The National Treasury received comments from the retirement industry following publication of the first draft of proposed amendments to Regulation 28, and while most submissions welcomed the proposed amendment of the regulation, there were also a number of the concerns raised by the retirement fund industry, which have now been addressed in the recently published second draft.

One of the major concerns on the first draft related to the proposed definition of “infrastructure”. The first draft proposed that Regulation 28 use the same definition for infrastructure as that in the Infrastructure Development Act 23 of 2014, in which it is defined to include “installations, structures, facilities, systems, services or processes which are strategic integrated projects or part of the national infrastructure plan”. Given the specific reference to infrastructure that is “part of the national infrastructure plan”, the concern was that the proposed definition is too restrictive as it excludes private sector infrastructure projects and infrastructure projects in the rest of Africa. It seemed to only allow for investment into government infrastructure projects.

In response to this concern, the second draft revised the proposed definition of;

“infrastructure” to mean “any asset class that entails physical assets constructed for the provision of social and economic utilities or benefit for the public”.

The National Treasury stated that this definition takes better account of the United Nations’ Principles for Responsible Investment and the input from Association for Savings and Investment South Africa. The “social” aspect of the definition is intended to accommodate impact investing by retirement funds. Impact investments are investments made to generate positive, measurable social and environmental impact alongside a financial return. The wider definition also includes private sector infrastructure projects and therefore allows for a larger number of projects that retirement funds can consider for investment.

Infrastructure investment limits

With regard to the proposed infrastructure investment limits contained in the first draft, some submissions argued that the limits were too low, and others that the limits were too high, or that the adjustments were not going to impact infrastructure investment by retirement funds. The second draft, however, retains the proposed infrastructure investment limits as contained in the first draft (namely an overall limit of 45%, including a limit of 10% in respect of the rest of Africa, as well as a limit of 25% per issuer/project).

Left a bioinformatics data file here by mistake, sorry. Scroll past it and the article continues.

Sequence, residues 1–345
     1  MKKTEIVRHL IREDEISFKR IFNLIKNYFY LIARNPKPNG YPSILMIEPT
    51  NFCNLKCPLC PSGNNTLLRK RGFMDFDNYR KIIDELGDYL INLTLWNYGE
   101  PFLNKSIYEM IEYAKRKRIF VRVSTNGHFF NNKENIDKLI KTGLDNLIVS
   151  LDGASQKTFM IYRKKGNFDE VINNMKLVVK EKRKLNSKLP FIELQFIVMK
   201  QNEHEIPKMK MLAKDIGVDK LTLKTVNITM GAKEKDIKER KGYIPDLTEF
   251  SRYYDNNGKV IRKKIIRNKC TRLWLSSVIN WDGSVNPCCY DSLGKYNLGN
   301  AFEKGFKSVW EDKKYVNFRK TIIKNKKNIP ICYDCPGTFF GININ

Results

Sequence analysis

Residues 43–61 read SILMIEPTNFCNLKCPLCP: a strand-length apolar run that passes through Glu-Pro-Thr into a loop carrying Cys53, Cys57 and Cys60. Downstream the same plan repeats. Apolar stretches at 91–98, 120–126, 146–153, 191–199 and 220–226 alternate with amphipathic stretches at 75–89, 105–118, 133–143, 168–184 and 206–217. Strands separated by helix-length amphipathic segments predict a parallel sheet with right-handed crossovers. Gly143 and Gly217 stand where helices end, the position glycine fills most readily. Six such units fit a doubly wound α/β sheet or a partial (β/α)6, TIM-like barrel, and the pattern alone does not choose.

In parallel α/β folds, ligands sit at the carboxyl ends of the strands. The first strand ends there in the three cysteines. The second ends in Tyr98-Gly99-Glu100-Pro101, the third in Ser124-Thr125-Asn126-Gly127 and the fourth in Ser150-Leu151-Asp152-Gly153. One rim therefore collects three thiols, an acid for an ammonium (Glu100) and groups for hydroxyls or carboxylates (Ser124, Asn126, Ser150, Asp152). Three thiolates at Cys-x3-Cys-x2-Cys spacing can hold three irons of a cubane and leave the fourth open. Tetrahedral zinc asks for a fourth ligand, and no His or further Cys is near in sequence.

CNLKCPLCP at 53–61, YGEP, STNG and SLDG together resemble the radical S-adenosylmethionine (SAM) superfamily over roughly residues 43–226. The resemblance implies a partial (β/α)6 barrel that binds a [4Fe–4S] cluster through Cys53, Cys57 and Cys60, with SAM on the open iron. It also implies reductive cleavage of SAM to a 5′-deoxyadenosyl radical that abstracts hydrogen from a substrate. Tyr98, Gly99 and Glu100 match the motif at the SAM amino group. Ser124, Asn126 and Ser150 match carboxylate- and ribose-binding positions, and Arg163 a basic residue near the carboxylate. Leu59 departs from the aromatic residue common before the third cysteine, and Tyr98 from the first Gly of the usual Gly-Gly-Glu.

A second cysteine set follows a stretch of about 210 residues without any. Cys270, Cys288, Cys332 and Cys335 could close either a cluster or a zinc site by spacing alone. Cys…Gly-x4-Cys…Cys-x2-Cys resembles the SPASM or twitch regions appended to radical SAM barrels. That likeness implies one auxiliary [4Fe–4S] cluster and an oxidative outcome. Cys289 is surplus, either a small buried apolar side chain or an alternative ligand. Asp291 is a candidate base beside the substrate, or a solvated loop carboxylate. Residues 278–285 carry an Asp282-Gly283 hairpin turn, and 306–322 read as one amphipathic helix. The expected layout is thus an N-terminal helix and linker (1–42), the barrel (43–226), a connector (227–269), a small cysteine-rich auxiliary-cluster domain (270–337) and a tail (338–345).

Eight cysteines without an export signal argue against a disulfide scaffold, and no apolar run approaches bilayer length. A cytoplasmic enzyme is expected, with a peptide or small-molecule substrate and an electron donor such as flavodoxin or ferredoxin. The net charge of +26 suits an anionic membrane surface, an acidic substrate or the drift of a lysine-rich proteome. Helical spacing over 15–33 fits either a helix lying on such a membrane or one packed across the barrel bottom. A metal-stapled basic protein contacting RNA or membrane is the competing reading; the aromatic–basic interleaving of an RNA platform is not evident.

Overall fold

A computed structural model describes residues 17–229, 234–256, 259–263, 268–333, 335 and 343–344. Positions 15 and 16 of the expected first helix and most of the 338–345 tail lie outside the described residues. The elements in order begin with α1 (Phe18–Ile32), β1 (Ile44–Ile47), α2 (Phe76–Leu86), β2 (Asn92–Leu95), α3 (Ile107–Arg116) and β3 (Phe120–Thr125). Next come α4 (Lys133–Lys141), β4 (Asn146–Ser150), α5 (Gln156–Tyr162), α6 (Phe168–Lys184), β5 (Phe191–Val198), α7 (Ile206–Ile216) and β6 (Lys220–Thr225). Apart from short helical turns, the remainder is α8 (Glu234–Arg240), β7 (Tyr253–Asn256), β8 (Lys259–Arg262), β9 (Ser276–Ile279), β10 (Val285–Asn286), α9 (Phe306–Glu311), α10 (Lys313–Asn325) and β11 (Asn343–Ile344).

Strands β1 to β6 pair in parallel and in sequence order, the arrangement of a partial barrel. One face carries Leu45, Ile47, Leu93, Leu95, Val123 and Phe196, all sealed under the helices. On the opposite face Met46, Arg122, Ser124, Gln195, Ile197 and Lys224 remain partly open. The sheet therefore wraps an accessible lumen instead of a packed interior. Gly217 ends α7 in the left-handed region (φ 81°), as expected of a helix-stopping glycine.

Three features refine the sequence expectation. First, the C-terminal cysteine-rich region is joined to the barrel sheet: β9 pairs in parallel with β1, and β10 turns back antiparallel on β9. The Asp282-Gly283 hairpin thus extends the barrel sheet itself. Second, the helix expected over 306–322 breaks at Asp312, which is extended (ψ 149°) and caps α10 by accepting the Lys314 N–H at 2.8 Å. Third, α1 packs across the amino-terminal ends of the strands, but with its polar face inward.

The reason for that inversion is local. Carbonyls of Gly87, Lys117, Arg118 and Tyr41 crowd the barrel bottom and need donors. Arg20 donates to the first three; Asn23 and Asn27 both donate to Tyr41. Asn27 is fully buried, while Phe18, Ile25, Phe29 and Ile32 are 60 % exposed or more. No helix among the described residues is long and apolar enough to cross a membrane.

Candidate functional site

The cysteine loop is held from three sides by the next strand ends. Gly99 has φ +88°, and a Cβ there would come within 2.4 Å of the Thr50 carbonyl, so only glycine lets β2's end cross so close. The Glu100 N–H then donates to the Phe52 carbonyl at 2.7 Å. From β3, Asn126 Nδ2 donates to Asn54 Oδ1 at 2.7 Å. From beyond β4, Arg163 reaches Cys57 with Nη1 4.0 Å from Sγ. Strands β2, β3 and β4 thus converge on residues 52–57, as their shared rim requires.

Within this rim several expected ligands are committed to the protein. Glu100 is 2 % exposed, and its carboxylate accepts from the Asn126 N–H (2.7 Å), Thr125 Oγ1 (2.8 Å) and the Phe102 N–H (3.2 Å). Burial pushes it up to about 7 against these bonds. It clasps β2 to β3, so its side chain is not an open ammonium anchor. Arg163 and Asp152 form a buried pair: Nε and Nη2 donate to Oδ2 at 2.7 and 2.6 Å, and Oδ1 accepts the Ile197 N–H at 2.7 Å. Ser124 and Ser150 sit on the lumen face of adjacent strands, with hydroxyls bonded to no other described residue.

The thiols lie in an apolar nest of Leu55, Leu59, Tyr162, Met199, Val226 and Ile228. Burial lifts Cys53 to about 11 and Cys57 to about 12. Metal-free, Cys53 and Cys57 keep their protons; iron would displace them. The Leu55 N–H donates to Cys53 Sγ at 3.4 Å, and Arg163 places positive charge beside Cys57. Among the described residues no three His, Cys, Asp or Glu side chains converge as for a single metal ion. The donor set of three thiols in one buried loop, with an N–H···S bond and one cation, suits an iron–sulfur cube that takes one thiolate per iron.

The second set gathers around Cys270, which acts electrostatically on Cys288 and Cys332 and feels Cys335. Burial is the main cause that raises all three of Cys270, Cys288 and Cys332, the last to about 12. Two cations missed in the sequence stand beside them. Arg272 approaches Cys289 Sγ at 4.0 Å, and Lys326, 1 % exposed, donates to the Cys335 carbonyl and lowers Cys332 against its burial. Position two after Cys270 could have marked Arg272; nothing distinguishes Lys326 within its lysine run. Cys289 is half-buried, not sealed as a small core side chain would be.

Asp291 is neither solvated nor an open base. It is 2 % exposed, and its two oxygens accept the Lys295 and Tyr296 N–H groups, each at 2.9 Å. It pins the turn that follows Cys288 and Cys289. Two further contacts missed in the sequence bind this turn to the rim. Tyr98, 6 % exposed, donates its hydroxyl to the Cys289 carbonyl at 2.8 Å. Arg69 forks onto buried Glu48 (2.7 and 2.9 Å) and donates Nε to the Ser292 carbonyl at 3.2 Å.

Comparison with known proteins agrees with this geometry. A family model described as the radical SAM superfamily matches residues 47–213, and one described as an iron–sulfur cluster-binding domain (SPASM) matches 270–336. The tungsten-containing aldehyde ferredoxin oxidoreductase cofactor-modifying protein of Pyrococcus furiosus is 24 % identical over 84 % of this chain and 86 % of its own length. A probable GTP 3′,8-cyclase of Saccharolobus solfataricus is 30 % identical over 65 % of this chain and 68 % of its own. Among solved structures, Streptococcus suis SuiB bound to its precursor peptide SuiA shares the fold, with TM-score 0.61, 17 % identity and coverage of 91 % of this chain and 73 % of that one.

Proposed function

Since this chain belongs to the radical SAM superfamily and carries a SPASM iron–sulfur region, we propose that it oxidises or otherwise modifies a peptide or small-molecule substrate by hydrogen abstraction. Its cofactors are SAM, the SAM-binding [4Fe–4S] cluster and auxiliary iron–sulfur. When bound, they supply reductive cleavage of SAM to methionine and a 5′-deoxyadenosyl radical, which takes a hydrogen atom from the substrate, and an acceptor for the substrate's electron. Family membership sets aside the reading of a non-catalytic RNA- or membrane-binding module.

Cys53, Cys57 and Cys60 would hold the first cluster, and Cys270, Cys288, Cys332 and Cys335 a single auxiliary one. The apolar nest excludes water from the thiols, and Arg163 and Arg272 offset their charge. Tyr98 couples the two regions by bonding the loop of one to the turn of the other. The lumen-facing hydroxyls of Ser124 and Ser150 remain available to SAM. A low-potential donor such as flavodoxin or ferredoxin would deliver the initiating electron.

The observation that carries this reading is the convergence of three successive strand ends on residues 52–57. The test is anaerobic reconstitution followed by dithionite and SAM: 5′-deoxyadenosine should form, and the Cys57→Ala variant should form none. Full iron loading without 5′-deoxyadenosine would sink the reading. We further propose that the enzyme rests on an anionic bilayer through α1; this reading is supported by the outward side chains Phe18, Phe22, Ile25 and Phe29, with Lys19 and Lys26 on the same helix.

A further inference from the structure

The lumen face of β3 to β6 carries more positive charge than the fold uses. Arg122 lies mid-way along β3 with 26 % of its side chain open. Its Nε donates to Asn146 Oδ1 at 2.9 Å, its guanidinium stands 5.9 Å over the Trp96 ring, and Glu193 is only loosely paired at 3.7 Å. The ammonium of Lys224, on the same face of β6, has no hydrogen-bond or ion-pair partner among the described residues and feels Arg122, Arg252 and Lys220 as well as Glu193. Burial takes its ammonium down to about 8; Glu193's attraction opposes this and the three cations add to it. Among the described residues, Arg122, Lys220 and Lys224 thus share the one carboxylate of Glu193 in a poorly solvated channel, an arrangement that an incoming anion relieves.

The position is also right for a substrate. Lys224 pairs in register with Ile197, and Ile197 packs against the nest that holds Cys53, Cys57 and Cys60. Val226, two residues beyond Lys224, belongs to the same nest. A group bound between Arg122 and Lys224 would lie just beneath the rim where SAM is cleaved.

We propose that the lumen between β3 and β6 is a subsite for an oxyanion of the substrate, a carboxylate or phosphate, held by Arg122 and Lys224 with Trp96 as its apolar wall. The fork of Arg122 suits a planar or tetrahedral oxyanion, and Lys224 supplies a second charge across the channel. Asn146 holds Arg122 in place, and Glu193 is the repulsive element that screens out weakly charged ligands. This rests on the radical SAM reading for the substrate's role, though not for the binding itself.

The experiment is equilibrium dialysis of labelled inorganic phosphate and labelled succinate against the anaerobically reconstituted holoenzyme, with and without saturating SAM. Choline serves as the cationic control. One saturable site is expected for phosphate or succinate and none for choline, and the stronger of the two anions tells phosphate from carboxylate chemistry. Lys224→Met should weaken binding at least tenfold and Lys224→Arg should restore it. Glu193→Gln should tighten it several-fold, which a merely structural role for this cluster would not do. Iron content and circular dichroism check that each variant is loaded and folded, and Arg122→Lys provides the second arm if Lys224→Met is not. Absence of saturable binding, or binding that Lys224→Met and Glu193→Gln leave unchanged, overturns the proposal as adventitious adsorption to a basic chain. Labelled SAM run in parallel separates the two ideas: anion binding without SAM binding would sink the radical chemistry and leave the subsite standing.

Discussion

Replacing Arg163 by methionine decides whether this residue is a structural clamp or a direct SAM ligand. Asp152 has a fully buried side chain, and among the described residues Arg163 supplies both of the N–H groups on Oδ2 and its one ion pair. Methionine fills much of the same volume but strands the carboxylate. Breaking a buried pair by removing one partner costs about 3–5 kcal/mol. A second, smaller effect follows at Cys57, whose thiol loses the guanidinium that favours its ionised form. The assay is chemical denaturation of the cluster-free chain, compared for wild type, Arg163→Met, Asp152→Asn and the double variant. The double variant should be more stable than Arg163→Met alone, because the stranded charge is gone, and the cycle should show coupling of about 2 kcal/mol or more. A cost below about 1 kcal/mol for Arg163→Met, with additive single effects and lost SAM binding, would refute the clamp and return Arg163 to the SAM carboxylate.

Reporting requirements

The first draft required retirement funds to provide reports on their investment in infrastructure and concerns were raised that this requirement would be too onerous. The second draft eases the reporting requirements and provides for reporting only on the top 20 infrastructure investments by a retirement fund. It is also worth noting that a retirement fund need not apply the look-through principle in respect of the underlying assets of a hedge fund or private equity fund, except in the case of infrastructure investments (i.e. any indirect exposure to infrastructure assets through a hedge fund or private equity fund must be considered in determining compliance with the prescribed limits).  

Restriction on crypto assets

The second draft also introduces a new restriction in Regulation 28 on retirement funds’ investment in crypto assets as these assets are seen to be very high risk. This restriction is in line with the Intergovernmental Fintech Working Group policy proposal that collective investment schemes and pension funds not be allowed to have exposure to crypto assets until further notice.

The draft regulation define a “crypto asset” as;

“a digital representation of value that is not issued by a central bank but is capable of being traded, transferred or stored electronically by natural and legal persons for the purpose of payment, investment and other forms of utility; applies cryptographic techniques and uses distributed ledger technology”.

A copy of the second draft amendment is accessible here. The public has until 16 November 2021 to comment on the second draft amendments. Comments can be sent to Basil Maseko at in the prescribed format. Any questions of clarity can also be emailed to that address.